But we hear of Sabbaths in the plural; undoubtedly we do, and all those Sabbaths are good, or they would not be given for signs. I am peculiarly delighted with the last sabbatical sign, the yearly sign. How good is our God to indulge us with weekly signs, with monthly signs, and with yearly signs; that we may never forget his loving kindness. What a soul transporting sound, must the sound of the trumpet, mentioned in Leviticus have been? surely, the most rapturous, the most exhilerating that ever vibrated on the mortal ear; it can only be surpassed by that last trumpet which is destined to raise the dead. I am charmed by the commencement of a hymn, which I have a thousand times repeated.

"Blow ye the trumpet, blow,
The glad, the solemn sound,
Let all the nations know,
To earth's remotest bound,

The year of Jubilee is come,
Return ye ransomed sinners home."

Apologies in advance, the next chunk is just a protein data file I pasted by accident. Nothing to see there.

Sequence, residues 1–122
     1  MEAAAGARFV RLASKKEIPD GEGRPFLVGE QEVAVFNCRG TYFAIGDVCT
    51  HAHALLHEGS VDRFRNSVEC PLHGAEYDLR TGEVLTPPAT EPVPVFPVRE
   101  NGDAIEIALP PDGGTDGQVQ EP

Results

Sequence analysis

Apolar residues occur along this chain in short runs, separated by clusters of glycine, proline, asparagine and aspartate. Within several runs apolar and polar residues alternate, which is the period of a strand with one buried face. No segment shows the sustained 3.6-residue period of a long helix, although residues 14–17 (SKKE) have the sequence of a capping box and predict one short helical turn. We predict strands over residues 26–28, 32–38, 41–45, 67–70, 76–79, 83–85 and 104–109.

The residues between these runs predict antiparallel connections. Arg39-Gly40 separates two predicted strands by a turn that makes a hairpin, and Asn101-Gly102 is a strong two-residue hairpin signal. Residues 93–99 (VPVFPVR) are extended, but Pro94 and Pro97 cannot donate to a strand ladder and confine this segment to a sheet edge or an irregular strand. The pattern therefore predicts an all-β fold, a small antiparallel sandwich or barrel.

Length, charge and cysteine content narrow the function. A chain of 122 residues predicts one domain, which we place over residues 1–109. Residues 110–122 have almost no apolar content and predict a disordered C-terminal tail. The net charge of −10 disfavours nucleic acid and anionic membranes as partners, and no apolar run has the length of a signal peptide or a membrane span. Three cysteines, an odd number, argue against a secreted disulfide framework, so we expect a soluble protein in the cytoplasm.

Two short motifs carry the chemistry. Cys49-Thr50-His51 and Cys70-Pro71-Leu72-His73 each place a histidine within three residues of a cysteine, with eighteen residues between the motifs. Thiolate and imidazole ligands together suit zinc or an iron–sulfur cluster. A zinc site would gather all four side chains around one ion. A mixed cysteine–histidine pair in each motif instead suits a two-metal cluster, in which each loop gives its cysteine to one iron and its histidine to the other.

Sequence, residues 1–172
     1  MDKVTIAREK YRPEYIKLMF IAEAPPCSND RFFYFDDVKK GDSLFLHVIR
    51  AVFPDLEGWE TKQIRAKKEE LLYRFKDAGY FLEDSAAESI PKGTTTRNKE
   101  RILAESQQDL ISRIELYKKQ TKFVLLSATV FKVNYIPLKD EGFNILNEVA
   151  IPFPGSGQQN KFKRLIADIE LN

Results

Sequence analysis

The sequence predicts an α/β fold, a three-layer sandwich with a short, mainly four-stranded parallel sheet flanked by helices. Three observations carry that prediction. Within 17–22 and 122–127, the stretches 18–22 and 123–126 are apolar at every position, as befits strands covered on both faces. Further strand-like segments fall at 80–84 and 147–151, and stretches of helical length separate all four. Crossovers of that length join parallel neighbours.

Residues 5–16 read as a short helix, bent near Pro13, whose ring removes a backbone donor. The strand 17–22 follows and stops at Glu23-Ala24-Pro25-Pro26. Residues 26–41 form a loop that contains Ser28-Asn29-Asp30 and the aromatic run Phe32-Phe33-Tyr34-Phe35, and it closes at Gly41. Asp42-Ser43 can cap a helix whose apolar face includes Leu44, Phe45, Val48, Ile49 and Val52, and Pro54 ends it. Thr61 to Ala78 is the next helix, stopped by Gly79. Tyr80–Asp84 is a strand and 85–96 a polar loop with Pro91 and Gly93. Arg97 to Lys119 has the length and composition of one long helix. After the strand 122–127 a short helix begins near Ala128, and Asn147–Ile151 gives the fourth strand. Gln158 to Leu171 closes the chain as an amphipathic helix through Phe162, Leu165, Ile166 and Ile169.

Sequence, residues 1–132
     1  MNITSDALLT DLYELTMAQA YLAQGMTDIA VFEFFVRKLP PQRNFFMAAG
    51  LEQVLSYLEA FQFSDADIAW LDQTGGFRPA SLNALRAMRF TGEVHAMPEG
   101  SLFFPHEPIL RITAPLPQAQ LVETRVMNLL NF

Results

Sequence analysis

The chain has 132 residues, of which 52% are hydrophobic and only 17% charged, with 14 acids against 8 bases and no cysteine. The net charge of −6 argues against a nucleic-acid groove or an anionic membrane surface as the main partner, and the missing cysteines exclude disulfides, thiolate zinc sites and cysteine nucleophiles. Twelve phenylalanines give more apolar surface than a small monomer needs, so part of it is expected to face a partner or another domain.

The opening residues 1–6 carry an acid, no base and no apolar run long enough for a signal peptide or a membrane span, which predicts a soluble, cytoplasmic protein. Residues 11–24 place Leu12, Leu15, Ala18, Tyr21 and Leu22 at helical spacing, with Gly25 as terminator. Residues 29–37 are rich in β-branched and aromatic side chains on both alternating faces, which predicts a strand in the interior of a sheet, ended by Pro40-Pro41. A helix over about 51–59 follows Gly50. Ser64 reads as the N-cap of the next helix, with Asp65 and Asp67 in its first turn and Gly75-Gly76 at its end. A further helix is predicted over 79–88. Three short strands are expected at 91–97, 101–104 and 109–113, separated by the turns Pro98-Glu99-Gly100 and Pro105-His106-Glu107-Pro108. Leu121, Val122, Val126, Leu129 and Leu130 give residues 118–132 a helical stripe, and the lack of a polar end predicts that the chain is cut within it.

But the trumpet was to sound on the tenth day of the seventh month. What a divine figure, the tenth and the seventh! these are both considered as perfect numbers. The kingdom of heaven was likened unto ten virgins. Seven days comprized the whole of creation, and rest; the fulness of the Creator, and created. Seven and three are ten; what is the three? There are three who bear witness in heaven, the Father, the word, and the spirit. These three complete the ten; thus the divine and the human nature constitute a perfect whole. It was on the day of atonement the trumpet was to sound. It was to sound throughout the whole land, proclaiming liberty, divine liberty to the whole of Emmanuel's land, and, as the sons of Israel were so well acquainted with the letter of this symbolic institution, what strong emotions must have struggled in their enraptured bosoms, when the glorious sound of the emancipating trumpet broke upon their ears. Especially those desolate beings enchained by servitude, and kept out of their hereditary possessions: how did their harassed, woe worn souls, leap for joy: what elevation of spirit, what universal agitation. Is there a heart which is not lifted with divine enthusiasm, is there a bosom which doth not swell with immeasurable transport at beholding the Redeemer enter the synagogue, at seeing him receive the book,at hearing him read? and when we trace his selection to the prophecy of Isaiah Ixi. 1,2, "The spirit of the LORD God is upon me; because the LORD hath anointed me to preach good tidings unto the meek; he hath sent me to bind up the broken hearted, to proclaim liberty to the captive, and the opening of the prison to them that are bound; to proclaim the acceptable year of the LORD and the day of vengeance of our God; to comfort all that mourn.” And chapter Ixiii. verse 4, "For the day of vengeance is in my heart, and the year of my redeemed is come. Jeremiah, xxxiv. 8, 9, " This is the word that came unto Jeremiah from the LORD after that the king Zedekiah had made a covenant with all the people that were at Jerusalem, to proclaim liberty unto them. That every man should let his man servant, and every man his maid servant being an Hebrew, or an Hebrewess, go free; that none should serve himself, to wit, of a Jew his brother." John viii. 35, 36, "And the servant abideth not in the house forever: but the son abideth ever. If the son therefore shall make you free, ye shall be free indeed." Ephesians iii. 14, 15, "For this cause I bow